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Thursday, September 12, 2024

2020 Election: Getting Older Adults Out to Vote

By Bill Lowe

2020 has been a year of firsts. We’re fast approaching another first — a presidential election during a global pandemic.

Many people I speak with are wondering how to balance the risk of COVID-19 with their civic duty to vote. Some are gung-ho about casting their ballot at the polling place; others question if their vote will count if they vote early or by mail.

Voting is a beacon of our democracy and we all should participate in our free election. In other countries, citizens walk for miles on end until they reach a polling place, or, they don’t receive the right to vote at all. It’s our duty to exercise our right to elect governing bodies.

But in the midst of a global pandemic, we all must weigh our options carefully when considering how to vote. For older adults, who can be at risk, this is especially true. At CMSS, we have many residents interested in voting, and we’ve been doing our best to help them make a plan. So I’ll share with you what we’ve been sharing with them. Here’s how to get started.

Step one: Ensure You’re Registered to Vote

The first thing I’d recommend is to register as soon as possible! The deadline to register online to vote in Illinois is Sunday, October 18, 2020. Illinois’ State Board of Elections makes this process incredibly simple. First, check to see if you are already registered at the link above. If you are not, the process of registering takes two minutes and can be done from a computer or smartphone.

You can also register to vote by mail with the Illinois voter registration form. Ensure that you read the instructions carefully. Then, send the completed form to your local election official. The form must be postmarked by Tuesday, October 6, 2020 in order to count.

Once that’s complete, you’re ready to move on to how you’ll vote.

Step two: Decide the Best Way to Vote

This year’s election is already seeing an interesting twist with many more voters considering voting by mail. Some are hesitant about this approach and others believe it’s the best way to prioritize safety during the pandemic. I’m an advocate for safety, especially when thinking about the risk of COVID-19.

If you plan to vote in person,, is a great place to look to discover the polling place nearest your residence. CMSS’ Winwood Apartments previously served as a polling place, which we’re quite proud of, but this election we are not offering voting due to safety concerns. We hope to offer a polling place again in the future when a pandemic is no longer a threat.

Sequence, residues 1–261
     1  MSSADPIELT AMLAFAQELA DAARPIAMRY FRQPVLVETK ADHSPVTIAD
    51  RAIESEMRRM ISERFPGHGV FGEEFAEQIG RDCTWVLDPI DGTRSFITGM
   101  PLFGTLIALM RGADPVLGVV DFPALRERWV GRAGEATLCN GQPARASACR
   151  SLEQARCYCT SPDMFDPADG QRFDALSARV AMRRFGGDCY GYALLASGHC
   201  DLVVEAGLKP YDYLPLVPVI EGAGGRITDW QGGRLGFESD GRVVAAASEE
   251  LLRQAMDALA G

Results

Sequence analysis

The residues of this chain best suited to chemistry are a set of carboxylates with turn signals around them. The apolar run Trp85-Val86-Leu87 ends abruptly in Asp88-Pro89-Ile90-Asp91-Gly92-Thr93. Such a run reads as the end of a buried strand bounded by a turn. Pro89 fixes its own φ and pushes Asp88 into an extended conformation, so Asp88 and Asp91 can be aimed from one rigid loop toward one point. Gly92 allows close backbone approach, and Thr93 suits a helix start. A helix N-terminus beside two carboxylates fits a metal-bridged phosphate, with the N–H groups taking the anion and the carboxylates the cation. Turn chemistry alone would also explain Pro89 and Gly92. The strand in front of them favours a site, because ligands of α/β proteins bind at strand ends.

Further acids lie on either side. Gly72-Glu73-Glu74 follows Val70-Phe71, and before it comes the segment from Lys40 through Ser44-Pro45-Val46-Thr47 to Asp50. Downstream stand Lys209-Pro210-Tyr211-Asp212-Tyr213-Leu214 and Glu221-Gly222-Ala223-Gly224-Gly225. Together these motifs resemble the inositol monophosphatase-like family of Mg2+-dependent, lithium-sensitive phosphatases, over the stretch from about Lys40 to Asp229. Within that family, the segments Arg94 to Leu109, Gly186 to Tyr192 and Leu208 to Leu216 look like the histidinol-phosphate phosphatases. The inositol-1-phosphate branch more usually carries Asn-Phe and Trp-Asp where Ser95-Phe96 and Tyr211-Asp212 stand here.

If you plan to vote by mail, get started as soon as possible. Start by requesting your ballot through an organization like the U.S. Vote Foundation. Upon receiving your ballot, be extra careful to fill it out carefully and correctly. If you make mistakes, you will hurt your chances of having your vote counted. Make sure you have your mail postmarked in time, which you can check on deadlines for here.

If you don’t want to send it via USPS, most states allow you to drop off a mail-in ballot by hand at a designated drop-off location. This is often at the office of your local election official, or a ballot drop box. This year, CMSS residents interested in voting will be given mail-in ballots that they will fill out and then submit.

Step three: Research the Candidates

While often it’s easy to vote based on party lines, I’m a firm believer in knowing the candidates you’re voting for. Your vote impacts everything from the alderman, to the state treasurer, to the next POTUS. Vote411 offers you personalized election details based on your location. Simply put in your street address at the link above and get updates on candidates, upcoming debates, events and more. Becoming politically engaged isn’t easy work, but doing your due diligence on the candidates and topics will make you a more effective voter.

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